TPA Editorial

Lafayette’s Sword and the Sword of Michael

At the beginning of the 1930s something unusual occurred in the USA. Monica von Miltitz (1885-1972) presented the Rector of Lafayette College with a sword¹ that had belonged to the namesake of the college in Pennsylvania.
The General and Marquis de Lafayette (1757-1834) is known as one of the noblest figures of the French Revolution. He was active on both sides of the Atlantic, and indeed first in America, where he took part in the War of Independence. Back in France, he advocated for stronger French participation in this war. He became the embodiment and symbol of Franco-American friendship.
In 1789 he took part in the Estates-General as a representative of the nobility and was appointed Commander of the Paris National Guard. The draft of the French Declaration of the Rights of Man (on the American model) also stems from him. But he did not approve of the evolutionary impulse falling into barbarism. He left his troops, who had joined in treason against the King, at the front with Germany. In crossing the border in the summer of 1792, he was called upon to hand over his sword to the envoy of the German Empire. This envoy was an ancestor of Monica von Miltitz, in whose family Lafayette’s sword was reverently guarded for 140 years. On exactly the 100th anniversary of the founding of Lafayette College in Pennsylvania, she now presented the sword to the College during a solemn ceremony. At the time she said, “in the shortest speech of my life”: “I, a German, present to this American College the sword of a meritorious Frenchman, in the sincere hope that these three great peoples will find their way to mutual goodwill and understanding.”²
Lafayette was an ardent believer in the ideals of the French Revolution – liberty, equality, fraternity. But only the threefolding of the social organism, which is a Michaelic inspiration, can realise these ideals which are otherwise condemned to exist as a mere phrase.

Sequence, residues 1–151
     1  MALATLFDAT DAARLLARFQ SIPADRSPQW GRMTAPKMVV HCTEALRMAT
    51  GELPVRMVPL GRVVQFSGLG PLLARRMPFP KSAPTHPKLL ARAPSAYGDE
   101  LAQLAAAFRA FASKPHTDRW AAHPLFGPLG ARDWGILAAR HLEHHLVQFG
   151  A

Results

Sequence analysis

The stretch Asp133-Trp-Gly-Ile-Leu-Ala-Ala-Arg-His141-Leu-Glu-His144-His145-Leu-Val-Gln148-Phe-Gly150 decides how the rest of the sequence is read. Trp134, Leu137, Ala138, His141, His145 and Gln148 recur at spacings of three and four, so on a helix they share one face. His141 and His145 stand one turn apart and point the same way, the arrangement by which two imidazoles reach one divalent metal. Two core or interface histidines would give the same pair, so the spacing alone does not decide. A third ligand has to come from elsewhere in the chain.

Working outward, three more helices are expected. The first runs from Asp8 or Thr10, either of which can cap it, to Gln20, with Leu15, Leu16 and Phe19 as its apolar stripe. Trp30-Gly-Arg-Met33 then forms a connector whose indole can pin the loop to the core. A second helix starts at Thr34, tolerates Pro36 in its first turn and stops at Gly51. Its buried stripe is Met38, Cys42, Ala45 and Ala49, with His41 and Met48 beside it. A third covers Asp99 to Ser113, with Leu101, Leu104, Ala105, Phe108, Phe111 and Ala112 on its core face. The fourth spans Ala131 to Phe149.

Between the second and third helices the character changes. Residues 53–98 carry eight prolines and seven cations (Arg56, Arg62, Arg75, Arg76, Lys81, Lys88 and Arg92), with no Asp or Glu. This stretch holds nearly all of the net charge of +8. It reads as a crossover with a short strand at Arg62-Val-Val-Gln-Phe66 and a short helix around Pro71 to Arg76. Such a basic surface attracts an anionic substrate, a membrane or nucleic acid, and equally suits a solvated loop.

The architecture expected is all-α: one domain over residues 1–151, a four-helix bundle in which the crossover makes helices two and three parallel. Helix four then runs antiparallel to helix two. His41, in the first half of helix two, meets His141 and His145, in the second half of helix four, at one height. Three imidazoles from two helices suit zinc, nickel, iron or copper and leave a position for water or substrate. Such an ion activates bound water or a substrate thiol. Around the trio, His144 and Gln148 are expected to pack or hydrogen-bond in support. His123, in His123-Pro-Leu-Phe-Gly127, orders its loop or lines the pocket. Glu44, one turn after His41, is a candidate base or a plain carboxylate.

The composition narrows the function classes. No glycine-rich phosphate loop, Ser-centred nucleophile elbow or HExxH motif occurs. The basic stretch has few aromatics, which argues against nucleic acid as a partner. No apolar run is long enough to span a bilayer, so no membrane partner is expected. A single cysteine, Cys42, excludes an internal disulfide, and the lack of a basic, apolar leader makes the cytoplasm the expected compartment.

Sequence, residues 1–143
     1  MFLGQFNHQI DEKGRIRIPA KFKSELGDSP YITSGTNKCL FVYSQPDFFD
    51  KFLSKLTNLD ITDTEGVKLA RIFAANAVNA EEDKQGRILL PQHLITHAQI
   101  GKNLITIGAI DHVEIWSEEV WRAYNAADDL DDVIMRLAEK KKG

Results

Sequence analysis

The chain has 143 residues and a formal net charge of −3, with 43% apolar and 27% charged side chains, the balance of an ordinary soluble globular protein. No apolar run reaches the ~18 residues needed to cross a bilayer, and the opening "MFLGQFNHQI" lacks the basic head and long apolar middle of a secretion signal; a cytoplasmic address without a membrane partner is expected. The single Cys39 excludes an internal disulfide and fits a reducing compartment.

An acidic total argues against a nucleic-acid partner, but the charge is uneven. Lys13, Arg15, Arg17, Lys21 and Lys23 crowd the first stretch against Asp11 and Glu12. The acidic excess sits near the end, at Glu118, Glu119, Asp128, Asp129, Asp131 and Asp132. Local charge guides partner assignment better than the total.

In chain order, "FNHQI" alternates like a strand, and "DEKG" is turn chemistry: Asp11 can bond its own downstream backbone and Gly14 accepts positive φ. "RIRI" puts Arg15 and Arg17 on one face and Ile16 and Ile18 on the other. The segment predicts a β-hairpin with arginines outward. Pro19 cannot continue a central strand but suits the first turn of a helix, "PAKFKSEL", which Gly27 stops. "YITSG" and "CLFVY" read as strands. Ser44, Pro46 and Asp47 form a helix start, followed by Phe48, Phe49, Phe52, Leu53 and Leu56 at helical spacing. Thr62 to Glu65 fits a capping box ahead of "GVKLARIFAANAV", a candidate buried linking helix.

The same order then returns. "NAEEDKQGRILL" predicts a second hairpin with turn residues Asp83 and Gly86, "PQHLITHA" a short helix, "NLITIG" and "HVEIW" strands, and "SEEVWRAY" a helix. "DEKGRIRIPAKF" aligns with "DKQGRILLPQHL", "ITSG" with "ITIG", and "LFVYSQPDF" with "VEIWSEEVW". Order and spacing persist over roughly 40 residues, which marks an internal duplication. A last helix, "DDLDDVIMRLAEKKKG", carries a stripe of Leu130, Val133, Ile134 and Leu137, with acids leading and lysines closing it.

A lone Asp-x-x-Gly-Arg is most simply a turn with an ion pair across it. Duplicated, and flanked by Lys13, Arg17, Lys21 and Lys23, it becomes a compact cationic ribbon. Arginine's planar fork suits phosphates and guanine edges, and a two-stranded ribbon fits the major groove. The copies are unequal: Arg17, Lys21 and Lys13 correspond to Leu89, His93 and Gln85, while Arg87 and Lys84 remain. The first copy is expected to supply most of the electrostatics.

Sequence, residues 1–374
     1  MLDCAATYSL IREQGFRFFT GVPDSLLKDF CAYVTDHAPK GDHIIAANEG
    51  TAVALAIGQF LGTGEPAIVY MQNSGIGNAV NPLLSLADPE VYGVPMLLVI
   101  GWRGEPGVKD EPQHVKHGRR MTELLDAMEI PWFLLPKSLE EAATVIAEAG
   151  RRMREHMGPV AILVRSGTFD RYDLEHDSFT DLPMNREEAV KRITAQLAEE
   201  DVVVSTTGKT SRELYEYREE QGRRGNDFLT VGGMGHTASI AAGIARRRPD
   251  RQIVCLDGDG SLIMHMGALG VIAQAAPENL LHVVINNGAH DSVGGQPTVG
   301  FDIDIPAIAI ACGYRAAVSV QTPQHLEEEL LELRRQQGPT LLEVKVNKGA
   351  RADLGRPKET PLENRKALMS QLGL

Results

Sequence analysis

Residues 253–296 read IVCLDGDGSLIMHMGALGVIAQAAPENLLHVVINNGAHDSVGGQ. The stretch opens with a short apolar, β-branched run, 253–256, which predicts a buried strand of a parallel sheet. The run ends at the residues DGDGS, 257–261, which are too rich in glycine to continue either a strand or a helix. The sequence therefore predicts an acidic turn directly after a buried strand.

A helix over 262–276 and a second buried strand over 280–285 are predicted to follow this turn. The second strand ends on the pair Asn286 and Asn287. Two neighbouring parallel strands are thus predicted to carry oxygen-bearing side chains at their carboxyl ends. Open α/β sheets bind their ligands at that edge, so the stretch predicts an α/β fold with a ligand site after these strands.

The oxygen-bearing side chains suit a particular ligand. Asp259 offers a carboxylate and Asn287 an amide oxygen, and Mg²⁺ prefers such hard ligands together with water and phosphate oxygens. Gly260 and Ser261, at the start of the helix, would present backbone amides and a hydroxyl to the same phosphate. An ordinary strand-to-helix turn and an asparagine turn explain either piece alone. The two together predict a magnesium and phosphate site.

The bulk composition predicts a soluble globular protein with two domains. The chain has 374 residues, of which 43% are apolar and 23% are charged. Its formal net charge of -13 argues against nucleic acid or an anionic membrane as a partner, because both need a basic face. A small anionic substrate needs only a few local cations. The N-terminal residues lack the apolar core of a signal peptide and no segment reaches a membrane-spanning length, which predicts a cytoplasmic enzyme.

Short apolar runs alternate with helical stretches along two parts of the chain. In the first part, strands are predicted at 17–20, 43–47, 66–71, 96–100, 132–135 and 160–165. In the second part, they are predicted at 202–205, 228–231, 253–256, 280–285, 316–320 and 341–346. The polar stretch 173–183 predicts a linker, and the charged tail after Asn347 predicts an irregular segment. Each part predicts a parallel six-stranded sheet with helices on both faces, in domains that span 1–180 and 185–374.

In the time of the incarnation of Ahriman in the West, which has been discussed in Der Europäer more than once, these Michaelic impulses, which were at the basis of the French Revolution, and in which they could only express themselves chaotically, must be taken up and nurtured afresh. According to Steiner, in the USA today, one would first have to work towards the separation of the economy and the state. This does not involve a basic income introduced by the state, which even quite a few “Anthroposophers” are dreaming of these days³.
The presentation of Lafayette’s sword by Monica von Miltitz was a real symbolic act in a supranational, Michaelic spirit, in the way that America really needs now. To reawaken this spirit, we need the sword of Michael, forged of the iron and the gold of spiritualised thinking. One who wishes to pass on this sword to a group of human beings in Germany, France, America or Russia, should be very sure that it is a real Michaelic sword he is holding in his hand – and not just a gold-lacquered wooden sword.
The true sword of Michael has a much broader radius of action than any rapier or physical sword. It can be handed to anyone of good-will. Whether he wants to take hold of it must be left to his free choice.

T.H. Meyer


1     To refer to the sword, Miltiz actually used the German word “Degen”, which in the 18th-19th centuries meant something like a ‘dress sword’, or ‘small sword’, commonly worn by members of the aristocracy. This was much longer and thinner than a dagger but shorter than a 17th century rapier.

2   The Lafayette Alumnus, Feb. 1932. My thanks to Marcel Frei for informing me of this account. – M. von Miltitz described the episode in “Erinnerungen an das Lafayette-College” [Memories of Lafayette College] in Einige Erinnerungsbilder, undated manuscript printing, p. 8.